Podcast Episode 6

Lessons from Joel Lessem, Former CEO of Firmex

Joel Lessem, a tech entrepreneur with 30 years of experience. He shares insights on business opportunities, revenue growth, and profit management, emphasizing data-driven decisions, efficiency, and customer-centric service. Joel also highlights work-life balance, exercise, and hobbies for recharging, and warns against tying one’s identity solely to their business. He discusses better sleep, time management, and delegation, stressing the importance of breaks, trust in managers, and the lasting impact of a manager’s departure on a business. With 45+ successful exits at Peerscale, Joel’s wisdom guides us through tech entrepreneurship, emphasizing detail, adaptability, and personal well-being for lasting success.

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Naren: Today, we are excited to bring you our TBR Success Stories edition, where we learn from the best in tech. In today’s TBR Success Stories edition, I have a dear friend and an amazing entrepreneur to have a wonderful conversation with. His name is Joel Lessem. Welcome to the TBR Success Stories podcast. 

Thank you, Joel. I have known you for 10-plus years, I think more like 12 years, because we used to be part of the same organization called Peerscale. It used to be called, at the time, it was a community of tech entrepreneurs in the greater Toronto area. We would meet typically once a month and then throughout the year now, for longer times like a, let’s say, a retreat and stuff like that. I got so much value out of it, and today, you have done amazing things as an entrepreneur-built firm. And. I know we’re going to talk about that in the intro a little bit and, and you, you give back by, you know, leading this organization Peerscale, which is a nonprofit, they are to serve tech entrepreneurs. So welcome to the show, Joel. Why don’t we start by having the listeners get to know you who are you? maybe start as far back as you want to.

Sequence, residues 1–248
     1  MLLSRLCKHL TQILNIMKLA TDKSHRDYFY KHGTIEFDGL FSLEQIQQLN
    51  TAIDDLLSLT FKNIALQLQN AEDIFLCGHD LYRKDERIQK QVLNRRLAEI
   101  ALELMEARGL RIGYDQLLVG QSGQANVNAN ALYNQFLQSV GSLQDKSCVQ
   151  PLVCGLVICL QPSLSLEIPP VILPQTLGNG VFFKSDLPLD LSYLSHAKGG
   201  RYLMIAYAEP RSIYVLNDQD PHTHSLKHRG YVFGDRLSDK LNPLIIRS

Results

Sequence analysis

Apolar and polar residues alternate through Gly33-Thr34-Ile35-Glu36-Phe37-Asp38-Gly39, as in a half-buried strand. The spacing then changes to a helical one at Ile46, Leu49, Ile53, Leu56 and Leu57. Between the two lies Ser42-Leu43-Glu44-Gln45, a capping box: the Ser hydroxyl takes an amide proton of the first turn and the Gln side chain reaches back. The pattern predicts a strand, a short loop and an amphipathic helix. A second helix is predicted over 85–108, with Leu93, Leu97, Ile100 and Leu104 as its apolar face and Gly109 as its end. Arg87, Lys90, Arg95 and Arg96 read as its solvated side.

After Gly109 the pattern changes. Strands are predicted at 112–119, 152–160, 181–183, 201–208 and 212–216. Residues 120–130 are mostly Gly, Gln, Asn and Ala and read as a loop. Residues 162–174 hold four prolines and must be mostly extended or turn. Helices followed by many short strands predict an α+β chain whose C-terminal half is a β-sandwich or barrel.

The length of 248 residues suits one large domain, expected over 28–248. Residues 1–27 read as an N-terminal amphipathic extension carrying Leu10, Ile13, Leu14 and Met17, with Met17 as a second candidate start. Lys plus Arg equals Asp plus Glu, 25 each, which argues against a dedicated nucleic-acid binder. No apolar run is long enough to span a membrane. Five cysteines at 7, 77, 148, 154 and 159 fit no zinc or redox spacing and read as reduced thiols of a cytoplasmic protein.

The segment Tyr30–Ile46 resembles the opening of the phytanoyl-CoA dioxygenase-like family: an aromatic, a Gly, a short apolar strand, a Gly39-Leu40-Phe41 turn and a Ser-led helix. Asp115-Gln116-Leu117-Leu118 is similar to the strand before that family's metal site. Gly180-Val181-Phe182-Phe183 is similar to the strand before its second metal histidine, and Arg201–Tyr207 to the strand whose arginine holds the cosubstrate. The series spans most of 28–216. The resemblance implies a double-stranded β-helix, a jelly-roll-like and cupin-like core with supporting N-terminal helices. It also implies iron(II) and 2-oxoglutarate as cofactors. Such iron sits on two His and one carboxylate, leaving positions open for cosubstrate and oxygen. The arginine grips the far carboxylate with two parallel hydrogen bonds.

Early Background and Entrepreneurial Journey:

Joel: Sure. Well, my name is Joel. I grew up in Toronto. I still live in Toronto. I started my life studying history, sort of a nontraditional background. I have a master’s in history. I wanted to know how we got to where we are in the world and all the sort of chain of events that led to our current existence, a sort of philosophical view of life. Once I graduated with a master’s degree, I realized I had to get a job, and the only job you can get without any form, without any qualifications, is sales. And so I got a job selling brasiers for Playtex. And I worked for a large company that owned Playtex. And I realized very quickly that I wasn’t good with company politics. And, after a year, I got a job with an entrepreneur that was, I would say we’ll call it, smuggling Apple computers into the country on pickup trucks and gray marketing them in Canada. I realized that entrepreneurship is really what I wanted to do in 1994, just to kind of date myself. So it was almost 30 years ago. And that was my entry into tech and my inspiration to start a business in the future. So, I did. I just promised myself I’d start a business before I was 35, and I did. The first one did not succeed. And then I had to spend all my money, and I was living off my, it’s called an RSP or a 401k, I guess, to pay my rent. Five years later, I got involved in starting another business, which was a successful business. It was a software company that sold virtual data room software and grew profitably and quite, you know, with over 100 and 25 employees and a very, very good success story. And I ran that for over 16 years. And, you know, recently passed that over, it was, you know, on that it has new ownership now to the managers doing a great job. And now I’m as, as you know, I’m now giving back to the community; I’m helping run Peers Scale, which is the tech CEO Association here. And you know, certainly enjoying this next phase of life.